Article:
In a historic conference that got underway yesterday in downtown Seattle, drug reformers, scholars, activists, and experts from across the USA, as well as Europe and Canada, met to begin to plot strategies to move from drug prohibition to a regulatory drug control regime. Organized by the King County Bar Association (KCBA) the "Exit Strategy for the War on Drugs" conference is also bringing Washington state legislators, judges, and other public officials into the mix as it seeks to study the "pragmatic, nuts-and-bolts details of alternative drug control model."
"We're not here today to talk about what's wrong with the war on drugs," said Goodman, acknowledging a broad consensus among the crowd that the drug war was a failure. "We are talking about where to go from here. This is a historic meeting."
To befit the occasion, Drug Policy Alliance's Ethan Nadelmann gave a Thursday morning speech challenging audience members to really think about what they are trying to achieve and the best means of doing so. "Is there a way to think about the far-reaching alternative, legalization? The optimal policy is one that reduces the harms of drugs and the harms of the drug control system," he maintained, telling the story of a 1990 Princeton round table on drug policy. "We used a form of intellectual stretching. We started with the prohibition model and asked how could we stretch it to reduce its harms while sustaining its benefits. Then we considered a libertarian supermarket model and thought -- gasp! -- millions would drug themselves and society would crumble. But what if we could impose constraints and regulate it, what if we could stretch that model?"
The Princeton group couldn't quite square the circle, Nadelmann said, splitting over issues such as whether and how the state should be involved. But an interim model eventually emerged, "the mail order/vitamin house model," where a single, legally licensed drug supply house would accept orders for any drug from any adult anywhere in the United States.
"The model is based on two assumptions," Nadelmann elaborated. "First, our core principle is nobody deserves to be punished simply for what they put into their bodies absent harm to others, and second, people have the right of access, to obtain the substance of their choice from some legally regulated producer and supplier."
Such a model is not a libertarian free market model -- it does not assume a right to sell -- and it leaves room for flexible approaches in the states, Nadelmann said. The benefits would be obvious. "This would surely devastate organized crime, eliminate most of the criminal market, and the problem of adulterated drugs," he argued.
But for many, the benefits would be outweighed by the specter of mass intoxication. "What divides people who like the model from people who don't has to do with a deep-seated feeling about how you regard the vulnerability of human beings in contemporary society under such a model," Nadelmann said. "Many believe Americans are fundamentally weak and, given the opportunity, tens of millions would succumb." We must confront those fears, he said. "We have a great appreciation of the horrors of the drug war, and that's why we have to look at the alternatives and look at what we are afraid of."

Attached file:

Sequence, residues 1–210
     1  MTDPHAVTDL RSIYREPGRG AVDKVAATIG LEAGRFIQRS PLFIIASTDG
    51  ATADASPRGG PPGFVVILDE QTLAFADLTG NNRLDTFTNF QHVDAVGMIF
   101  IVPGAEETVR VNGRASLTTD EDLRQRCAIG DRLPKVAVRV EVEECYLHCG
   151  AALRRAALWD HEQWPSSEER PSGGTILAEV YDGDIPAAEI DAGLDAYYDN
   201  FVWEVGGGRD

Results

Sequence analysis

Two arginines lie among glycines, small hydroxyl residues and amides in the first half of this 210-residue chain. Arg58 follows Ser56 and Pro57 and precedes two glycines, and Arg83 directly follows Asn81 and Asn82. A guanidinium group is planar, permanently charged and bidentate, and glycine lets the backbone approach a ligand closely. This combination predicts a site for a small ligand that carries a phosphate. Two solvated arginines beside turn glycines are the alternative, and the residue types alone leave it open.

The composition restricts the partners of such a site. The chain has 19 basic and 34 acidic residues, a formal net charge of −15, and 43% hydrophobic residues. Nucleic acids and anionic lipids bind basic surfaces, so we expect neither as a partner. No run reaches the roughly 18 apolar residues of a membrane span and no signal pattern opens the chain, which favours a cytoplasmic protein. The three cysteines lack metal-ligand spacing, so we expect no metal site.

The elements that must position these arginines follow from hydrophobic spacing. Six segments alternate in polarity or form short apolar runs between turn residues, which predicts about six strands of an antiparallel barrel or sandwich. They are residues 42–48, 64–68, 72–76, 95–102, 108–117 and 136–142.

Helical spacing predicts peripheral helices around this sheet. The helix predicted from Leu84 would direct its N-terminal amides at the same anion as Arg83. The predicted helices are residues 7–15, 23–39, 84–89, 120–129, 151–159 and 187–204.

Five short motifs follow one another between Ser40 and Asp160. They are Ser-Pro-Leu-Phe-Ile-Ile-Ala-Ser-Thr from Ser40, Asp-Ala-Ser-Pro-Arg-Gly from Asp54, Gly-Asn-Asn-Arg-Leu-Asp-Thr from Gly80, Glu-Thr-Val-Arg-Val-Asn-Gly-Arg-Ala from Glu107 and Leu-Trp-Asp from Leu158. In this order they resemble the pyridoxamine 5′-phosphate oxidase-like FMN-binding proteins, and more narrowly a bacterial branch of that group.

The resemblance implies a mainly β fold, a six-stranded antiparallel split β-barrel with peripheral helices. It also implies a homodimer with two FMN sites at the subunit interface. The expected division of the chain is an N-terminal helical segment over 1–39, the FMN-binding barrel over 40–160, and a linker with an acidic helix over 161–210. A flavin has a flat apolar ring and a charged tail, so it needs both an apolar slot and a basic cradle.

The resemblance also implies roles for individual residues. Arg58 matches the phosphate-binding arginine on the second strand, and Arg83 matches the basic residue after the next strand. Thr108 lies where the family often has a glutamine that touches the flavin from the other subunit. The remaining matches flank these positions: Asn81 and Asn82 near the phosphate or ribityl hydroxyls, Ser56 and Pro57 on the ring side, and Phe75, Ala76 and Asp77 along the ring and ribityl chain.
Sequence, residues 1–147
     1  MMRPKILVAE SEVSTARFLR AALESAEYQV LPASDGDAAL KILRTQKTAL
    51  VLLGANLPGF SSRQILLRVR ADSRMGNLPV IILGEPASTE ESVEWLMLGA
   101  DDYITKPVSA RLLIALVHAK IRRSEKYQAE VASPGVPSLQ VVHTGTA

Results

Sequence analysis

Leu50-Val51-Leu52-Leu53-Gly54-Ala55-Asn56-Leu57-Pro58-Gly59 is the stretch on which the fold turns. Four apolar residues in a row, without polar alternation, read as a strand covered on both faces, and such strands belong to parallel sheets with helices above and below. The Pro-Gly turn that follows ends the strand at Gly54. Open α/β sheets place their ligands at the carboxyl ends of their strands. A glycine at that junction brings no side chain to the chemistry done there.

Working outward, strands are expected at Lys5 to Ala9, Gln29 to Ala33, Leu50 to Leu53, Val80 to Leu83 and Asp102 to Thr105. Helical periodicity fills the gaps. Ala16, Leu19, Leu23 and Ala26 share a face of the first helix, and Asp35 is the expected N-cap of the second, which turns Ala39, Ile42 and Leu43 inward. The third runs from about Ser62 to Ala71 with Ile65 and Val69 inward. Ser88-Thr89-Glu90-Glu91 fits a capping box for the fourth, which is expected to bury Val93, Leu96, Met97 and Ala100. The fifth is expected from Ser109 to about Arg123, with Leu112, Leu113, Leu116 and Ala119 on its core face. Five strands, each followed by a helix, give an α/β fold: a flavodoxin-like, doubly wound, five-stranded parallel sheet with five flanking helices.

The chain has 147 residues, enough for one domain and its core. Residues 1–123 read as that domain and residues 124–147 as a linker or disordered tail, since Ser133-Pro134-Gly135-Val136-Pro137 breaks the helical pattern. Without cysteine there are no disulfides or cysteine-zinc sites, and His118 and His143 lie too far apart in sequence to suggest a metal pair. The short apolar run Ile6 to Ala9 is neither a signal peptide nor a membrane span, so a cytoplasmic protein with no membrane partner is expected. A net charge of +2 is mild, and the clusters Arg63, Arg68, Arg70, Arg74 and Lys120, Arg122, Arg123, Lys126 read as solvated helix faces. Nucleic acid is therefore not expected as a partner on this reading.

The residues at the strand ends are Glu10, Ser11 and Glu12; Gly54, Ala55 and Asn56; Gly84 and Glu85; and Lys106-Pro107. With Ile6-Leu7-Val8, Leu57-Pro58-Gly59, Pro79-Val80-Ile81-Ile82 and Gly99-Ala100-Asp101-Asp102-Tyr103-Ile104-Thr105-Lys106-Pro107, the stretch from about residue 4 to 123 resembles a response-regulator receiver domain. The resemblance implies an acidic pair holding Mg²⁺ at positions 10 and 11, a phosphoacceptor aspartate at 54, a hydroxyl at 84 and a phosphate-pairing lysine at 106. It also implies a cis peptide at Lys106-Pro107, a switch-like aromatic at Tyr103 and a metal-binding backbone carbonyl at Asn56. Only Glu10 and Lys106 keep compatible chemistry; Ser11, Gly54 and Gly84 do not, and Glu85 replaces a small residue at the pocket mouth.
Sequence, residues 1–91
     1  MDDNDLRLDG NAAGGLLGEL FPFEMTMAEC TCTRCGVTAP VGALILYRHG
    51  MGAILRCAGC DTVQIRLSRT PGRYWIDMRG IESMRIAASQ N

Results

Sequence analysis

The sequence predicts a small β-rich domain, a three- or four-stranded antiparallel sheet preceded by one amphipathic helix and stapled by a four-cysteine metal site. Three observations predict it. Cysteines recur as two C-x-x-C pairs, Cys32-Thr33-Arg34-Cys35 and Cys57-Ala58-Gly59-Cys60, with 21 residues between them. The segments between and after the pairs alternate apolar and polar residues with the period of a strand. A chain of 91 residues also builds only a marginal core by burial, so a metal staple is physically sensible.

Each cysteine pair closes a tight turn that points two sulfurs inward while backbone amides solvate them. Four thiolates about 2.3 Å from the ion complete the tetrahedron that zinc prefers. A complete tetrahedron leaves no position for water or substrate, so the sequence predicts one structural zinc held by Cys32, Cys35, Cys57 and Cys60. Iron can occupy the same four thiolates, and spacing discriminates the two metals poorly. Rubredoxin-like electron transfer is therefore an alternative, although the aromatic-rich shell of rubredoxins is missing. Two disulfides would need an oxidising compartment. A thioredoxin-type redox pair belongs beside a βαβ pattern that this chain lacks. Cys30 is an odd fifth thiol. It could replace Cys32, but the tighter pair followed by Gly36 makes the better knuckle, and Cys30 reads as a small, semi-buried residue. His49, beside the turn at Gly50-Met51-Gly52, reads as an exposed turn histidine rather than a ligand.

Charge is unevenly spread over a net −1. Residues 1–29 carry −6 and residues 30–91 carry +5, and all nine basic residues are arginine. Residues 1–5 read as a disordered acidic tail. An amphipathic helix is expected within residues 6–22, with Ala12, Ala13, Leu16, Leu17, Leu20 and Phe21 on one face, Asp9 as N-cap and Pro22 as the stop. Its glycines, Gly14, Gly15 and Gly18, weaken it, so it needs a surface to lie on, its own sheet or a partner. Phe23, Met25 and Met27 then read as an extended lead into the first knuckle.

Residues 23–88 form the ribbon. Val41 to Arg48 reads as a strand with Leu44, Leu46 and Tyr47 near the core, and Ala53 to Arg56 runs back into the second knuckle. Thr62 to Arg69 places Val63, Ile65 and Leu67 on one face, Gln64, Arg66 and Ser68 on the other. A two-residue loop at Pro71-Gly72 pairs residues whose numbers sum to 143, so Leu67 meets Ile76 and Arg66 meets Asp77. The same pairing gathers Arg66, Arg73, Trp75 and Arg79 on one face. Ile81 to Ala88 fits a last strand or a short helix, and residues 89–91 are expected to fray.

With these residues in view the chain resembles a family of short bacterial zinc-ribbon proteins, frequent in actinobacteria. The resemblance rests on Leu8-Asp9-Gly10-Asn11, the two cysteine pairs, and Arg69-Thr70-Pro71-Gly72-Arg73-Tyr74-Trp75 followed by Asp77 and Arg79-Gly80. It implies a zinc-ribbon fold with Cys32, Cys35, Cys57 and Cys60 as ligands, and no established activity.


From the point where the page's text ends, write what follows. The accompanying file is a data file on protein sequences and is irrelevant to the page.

While Nadelmann provided plenty to chew on, he was hardly alone in a Thursday line-up that included ACLU Drug Law Reform Project head Graham Boyd, Sanho Tree of the Institute for Policy Studies, Eric Sterling of the Criminal Justice Policy Foundation, and Deborah Small, executive director of Break the Chains -- and those are just some of the professional reformers. Prominent academic specialists including "Drug War Heresies" author Peter Reuter, UC Santa Cruz sociologist Craig Reinarman, historian David Courtwright, and University of Washington psychologist Alan Marlatt were also in the house, with more big names, such as Reuters' coauthor Robert MacCoun and UCLA professor Mark Kleiman scheduled for today.
Dutch psychologist and drugs researcher Fredrik Polak flew across the Atlantic to address the conference, as did Steve Rolles of Transform, the British drug reform organization. And the Canadians, unsurprisingly, brought a large contingent, including Mark Haden of the Vancouver Coast Health Authority, Eugene Oscapella of the Canadian Foundation for Drug Policy, and Sen. Pierre Claude Nolin, who gave Thursday's luncheon address.
Nolin, who rose to drug reform prominence by authoring a 2002 Canadian Senate report calling for marijuana legalization and the consideration of regulatory approaches for other drugs, emphasized the importance of the work being done this week in Seattle. "This conference will not only guide future efforts in the Washington state legislature, it will also send a clear message to the federal authorities in the US that the status quo is not sustainable," Nolin said. "And it also ties in to rethinking the international agreements that have regulated drugs since 1909. Many governments are now feeling pressures from their own citizens to end the war on drugs, and prohibition, that venerable grandmother, is now on her last legs. The solution lies within our hands, we North Americans. We must send a clear message to our leaders. If governments around the world feel the wind of change blowing from North America, we will win."
The "Exit Strategy for the War on Drugs" conference continues through today. Look for more on the conference and related articles next week.